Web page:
Blood in Chinese Medicine

"Blood in TCM" over blood oranges on the Beachside blog

This post contains affiliate links, meaning Beachside Community Acupuncture PLLC may receive a small commission for purchases made through certain links at no additional cost to you. (In other words, you support us in a small way when you buy the products that we highly recommend and would use ourselves!) Click here to view our full disclosure policy.

In Traditional Chinese Medicine (TCM) Qi and Blood are a pair just like Yin and Yang, and while we've briefly discussed Qi before, we never explained Blood because it's fairly similar to the Western perspective of blood. (We'll use capital letters to designate how we see it.) Our patients often like to understand the patterns or disharmonies in their bodies, though, so let's dig deeper into this simple concept!


First of all, there are three main organ systems associated with Blood:

  • The Spleen is the origin of Blood.
  • The Liver stores Blood.
  • The Heart pumps/circulates Blood.

These are easy to understand as they tie into the Western view of the body nicely, but the relationship between Qi and Blood can be more abstract. The easiest way to think of the pair is in terms of Yin and Yang: Blood is the mother of Qi and more yin in nature, and Qi moves Blood and is more yang in nature. Qi and Blood both circulate through the meridians of the body, and while each has its own pathologies, a disharmony in one often leads to a disharmony in the other. When it comes to Blood specifically, there are two main patterns that we see often in the clinic.

Blood Stasis

You can think of Blood stasis like stuck blood, and it's easy to visualize as a bruise or clot. Qi is usually the mover of Blood, so it make sense that there's usually an element of Qi stagnation - or stuck Qi - in this disharmony as well. The blockage can be caused by a physical trauma, such as an injury, or it can be internally generated. Either way, one of the hallmark signs of Blood Stasis is an element of pain, usually of high intensity. Severe pain after an accident, debilitating menstrual cramps, and endometriosis are all examples of conditions caused by Blood stasis, and the treatment plan involves trying to move the stuck Blood with acupuncture and herbal formulas, among other things.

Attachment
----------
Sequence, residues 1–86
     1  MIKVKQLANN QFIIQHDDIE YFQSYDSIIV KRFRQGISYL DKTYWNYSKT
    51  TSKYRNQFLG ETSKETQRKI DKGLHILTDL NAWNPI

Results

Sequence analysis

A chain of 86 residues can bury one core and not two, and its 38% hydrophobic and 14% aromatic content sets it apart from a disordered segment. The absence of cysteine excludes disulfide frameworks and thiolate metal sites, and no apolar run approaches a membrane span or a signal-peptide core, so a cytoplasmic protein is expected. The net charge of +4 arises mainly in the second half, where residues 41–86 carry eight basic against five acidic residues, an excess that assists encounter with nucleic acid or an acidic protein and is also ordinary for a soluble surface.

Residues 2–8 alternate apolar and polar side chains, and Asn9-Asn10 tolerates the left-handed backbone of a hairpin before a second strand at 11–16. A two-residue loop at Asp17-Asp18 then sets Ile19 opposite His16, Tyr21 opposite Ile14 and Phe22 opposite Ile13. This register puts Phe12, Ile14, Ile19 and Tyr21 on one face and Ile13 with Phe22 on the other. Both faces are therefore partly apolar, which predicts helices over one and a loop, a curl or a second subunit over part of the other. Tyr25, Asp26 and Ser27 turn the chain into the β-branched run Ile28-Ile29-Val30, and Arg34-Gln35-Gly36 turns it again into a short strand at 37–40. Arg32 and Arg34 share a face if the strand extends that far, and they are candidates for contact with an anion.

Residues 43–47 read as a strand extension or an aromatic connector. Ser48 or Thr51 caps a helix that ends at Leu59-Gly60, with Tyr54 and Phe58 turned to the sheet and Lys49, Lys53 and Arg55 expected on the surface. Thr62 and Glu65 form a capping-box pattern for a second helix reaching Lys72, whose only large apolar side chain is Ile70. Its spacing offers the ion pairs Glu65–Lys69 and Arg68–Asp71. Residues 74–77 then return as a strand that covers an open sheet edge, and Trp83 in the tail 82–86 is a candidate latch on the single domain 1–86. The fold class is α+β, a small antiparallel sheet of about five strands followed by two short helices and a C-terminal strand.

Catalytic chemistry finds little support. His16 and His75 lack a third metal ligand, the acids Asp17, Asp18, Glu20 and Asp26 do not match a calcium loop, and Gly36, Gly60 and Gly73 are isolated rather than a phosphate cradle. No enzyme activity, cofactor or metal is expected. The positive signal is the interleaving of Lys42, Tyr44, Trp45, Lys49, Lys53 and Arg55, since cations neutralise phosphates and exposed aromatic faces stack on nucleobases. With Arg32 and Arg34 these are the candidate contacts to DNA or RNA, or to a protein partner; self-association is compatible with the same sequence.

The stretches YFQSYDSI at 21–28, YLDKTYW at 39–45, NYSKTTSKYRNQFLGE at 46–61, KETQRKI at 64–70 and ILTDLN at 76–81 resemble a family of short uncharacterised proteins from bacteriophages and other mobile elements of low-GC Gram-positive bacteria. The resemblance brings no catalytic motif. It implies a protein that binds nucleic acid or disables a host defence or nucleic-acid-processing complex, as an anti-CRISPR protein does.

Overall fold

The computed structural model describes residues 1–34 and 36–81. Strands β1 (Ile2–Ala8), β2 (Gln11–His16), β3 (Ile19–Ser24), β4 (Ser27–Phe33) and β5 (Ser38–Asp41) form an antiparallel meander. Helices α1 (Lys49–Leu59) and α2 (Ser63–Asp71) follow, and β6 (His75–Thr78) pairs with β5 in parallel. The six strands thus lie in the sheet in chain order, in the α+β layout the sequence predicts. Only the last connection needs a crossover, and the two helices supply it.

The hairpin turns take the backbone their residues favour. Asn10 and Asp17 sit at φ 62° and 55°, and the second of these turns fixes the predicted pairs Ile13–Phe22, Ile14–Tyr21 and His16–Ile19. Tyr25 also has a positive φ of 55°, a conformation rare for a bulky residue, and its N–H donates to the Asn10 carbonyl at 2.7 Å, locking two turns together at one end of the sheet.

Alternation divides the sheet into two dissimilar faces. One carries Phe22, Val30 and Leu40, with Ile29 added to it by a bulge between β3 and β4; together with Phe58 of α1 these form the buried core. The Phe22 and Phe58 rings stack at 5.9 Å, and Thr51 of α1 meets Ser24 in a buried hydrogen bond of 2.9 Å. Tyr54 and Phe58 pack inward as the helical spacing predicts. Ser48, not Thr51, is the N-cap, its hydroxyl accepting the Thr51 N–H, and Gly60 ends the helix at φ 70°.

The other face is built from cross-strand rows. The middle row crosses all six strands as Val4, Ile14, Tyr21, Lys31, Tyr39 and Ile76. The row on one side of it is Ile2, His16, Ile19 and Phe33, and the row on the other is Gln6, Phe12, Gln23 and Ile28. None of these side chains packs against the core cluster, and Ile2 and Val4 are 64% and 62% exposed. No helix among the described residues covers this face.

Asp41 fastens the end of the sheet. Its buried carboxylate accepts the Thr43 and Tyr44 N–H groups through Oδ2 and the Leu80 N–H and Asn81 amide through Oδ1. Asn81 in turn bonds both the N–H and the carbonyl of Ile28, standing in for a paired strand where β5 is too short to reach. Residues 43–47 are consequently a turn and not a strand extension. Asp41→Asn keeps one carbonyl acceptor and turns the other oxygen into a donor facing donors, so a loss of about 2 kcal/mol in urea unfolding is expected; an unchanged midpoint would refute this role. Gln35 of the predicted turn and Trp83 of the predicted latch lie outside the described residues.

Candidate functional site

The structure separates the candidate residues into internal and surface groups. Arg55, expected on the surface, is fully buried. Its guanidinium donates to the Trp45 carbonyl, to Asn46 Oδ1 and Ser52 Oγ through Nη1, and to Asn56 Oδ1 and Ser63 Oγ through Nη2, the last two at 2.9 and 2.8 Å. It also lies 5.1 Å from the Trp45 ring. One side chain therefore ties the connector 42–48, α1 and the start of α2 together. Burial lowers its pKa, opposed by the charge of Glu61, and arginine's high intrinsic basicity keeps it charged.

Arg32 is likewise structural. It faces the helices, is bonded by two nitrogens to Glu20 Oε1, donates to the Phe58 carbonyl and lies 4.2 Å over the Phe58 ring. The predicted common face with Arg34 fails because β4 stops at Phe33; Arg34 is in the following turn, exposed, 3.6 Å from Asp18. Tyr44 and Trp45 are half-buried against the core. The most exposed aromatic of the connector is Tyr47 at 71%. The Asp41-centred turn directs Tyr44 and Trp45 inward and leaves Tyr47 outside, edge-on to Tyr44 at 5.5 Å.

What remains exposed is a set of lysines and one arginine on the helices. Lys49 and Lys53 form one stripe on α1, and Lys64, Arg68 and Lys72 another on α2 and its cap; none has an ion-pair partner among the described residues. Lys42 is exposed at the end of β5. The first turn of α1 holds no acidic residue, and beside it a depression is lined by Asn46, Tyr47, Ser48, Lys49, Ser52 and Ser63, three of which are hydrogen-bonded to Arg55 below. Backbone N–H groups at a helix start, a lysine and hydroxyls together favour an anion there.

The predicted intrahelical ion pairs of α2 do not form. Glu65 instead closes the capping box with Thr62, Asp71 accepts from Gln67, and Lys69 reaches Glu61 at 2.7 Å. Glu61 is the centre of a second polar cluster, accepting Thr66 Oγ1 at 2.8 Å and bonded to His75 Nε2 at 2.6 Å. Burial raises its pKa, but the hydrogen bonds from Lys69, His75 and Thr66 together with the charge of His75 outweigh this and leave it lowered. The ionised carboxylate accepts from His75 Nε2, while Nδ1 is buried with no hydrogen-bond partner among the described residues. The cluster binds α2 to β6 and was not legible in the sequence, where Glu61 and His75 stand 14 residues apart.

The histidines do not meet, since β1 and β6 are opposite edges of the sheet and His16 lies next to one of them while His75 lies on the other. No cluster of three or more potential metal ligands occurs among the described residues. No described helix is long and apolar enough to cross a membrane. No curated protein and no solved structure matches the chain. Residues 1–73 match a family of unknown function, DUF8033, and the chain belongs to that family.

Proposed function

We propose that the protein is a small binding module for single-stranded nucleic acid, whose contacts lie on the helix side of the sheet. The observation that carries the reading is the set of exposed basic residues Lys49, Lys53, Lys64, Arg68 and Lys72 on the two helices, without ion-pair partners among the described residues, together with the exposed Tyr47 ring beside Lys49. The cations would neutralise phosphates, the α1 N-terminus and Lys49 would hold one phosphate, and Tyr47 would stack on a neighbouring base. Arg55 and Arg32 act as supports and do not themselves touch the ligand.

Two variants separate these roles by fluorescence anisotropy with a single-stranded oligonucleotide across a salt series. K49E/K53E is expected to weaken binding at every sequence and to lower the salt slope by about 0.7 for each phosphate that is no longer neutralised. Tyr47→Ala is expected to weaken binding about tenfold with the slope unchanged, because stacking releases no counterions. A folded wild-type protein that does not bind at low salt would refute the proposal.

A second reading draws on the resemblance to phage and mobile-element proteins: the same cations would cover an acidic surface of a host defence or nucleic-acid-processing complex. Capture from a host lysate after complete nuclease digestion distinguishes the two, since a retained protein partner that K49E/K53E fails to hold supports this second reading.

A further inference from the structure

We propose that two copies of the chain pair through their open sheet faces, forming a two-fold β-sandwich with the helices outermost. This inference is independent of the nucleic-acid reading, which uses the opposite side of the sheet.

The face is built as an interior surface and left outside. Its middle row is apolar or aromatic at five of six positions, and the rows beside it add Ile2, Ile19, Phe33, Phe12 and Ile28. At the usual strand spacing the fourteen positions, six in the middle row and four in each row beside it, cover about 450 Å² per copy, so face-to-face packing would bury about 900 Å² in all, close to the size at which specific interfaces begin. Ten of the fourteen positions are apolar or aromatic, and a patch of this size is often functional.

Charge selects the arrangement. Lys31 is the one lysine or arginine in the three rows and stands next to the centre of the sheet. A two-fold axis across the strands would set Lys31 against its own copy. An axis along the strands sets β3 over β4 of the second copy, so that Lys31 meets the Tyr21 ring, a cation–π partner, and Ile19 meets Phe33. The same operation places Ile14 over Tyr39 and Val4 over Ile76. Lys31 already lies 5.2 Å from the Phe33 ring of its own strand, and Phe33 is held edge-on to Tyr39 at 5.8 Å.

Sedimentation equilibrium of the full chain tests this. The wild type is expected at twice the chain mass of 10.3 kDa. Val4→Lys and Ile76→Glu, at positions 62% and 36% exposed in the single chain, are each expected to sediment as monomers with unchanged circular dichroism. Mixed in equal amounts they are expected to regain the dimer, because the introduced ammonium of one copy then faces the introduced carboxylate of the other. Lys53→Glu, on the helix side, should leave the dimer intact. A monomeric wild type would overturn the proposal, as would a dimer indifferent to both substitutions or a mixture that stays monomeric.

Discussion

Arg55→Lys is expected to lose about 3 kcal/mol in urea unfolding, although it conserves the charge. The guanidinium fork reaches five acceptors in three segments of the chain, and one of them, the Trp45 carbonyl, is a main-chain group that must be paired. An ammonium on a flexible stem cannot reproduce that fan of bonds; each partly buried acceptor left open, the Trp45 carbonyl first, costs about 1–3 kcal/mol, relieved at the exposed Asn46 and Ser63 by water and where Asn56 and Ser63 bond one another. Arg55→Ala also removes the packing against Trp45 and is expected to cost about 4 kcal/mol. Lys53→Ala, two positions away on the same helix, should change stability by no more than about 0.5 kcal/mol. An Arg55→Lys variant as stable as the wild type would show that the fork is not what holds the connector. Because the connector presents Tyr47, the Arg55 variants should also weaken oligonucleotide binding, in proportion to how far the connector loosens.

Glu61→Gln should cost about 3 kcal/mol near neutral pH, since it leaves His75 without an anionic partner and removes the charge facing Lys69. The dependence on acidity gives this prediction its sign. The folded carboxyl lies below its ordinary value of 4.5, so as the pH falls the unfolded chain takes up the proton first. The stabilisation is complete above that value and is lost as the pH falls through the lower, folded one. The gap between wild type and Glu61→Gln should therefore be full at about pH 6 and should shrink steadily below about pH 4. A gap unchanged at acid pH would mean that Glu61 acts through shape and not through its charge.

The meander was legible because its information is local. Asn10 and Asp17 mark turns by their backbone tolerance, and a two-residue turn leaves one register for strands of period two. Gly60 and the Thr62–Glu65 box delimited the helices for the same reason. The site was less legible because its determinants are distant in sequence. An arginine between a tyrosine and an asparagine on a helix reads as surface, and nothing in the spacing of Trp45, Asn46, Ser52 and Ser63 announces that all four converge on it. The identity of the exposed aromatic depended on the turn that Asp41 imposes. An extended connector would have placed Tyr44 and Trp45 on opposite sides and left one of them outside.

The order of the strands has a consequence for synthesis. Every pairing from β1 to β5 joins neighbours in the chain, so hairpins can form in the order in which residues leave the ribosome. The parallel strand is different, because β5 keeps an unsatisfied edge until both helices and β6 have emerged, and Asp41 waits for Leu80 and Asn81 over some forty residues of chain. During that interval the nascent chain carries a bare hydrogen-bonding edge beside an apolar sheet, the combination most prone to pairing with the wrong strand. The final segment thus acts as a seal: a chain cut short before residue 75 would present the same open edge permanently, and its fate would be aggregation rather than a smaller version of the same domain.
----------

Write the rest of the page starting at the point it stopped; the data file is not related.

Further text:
Helpful acupressure point: SP10

Blood Deficiency

Blood deficiency is very similar to anemia in Western medicine, but someone can be Blood deficient from our perspective but have normal lab values - i.e. iron levels - in tests. Blood deficiency symptoms include fatigue, depression, insomnia, numbness and tingling, vision issues, light-headedness, and more, and it often has an element of Qi deficiency included. Acupuncture and herbs can help with this pattern, but we almost always suggest working on diet too. In Chinese diet therapy, we say red produce can nourish blood - think strawberries, beets, cherries, tomatoes, etc. - and small amounts of meat are also beneficial. Lightly cooked dark green leafy vegetables can help as well, and from a Western nutritional standpoint, eating them with a bit of citrus juice (vitamin C) can make their iron more readily absorbed by the body. We like recommending blackstrap molasses - again, not a thing in TCM diet therapy but more from holistic nutrition - because it is full of trace minerals, and dried fruit usually has a bit of iron in it.


Helpful acupressure point: LV8

Blood Disharmonies in TCM over blood cells on the Beachside blog

Everything in TCM is interconnected, and these two disharmonies can feed into each other if left unresolved. Just like a river without much water will have stagnant pools, meridians without enough Blood can start to experience stasis. On the other hand, stasis is a blockage similar to a dam and will lead to a deficiency of Blood on its other side. Acupuncturists may need to work on both of these aspects, but on your part, maintaining a balanced diet and healthy lifestyle can go a long way in keeping the body in harmony.

Kathleen Ellerie is a Licensed Acupuncturist and the owner of Beachside Community Acupuncture. She loves providing affordable acupuncture to the residents of Addison, Dallas, and Farmers Branch, Texas, and educating the general public on how acupuncture and Traditional Chinese Medicine can treat everything from pain to infertility to stress and beyond. Click "Book Now" at the top of this page to book an appointment or feel free to contact her at (214) 417-2260.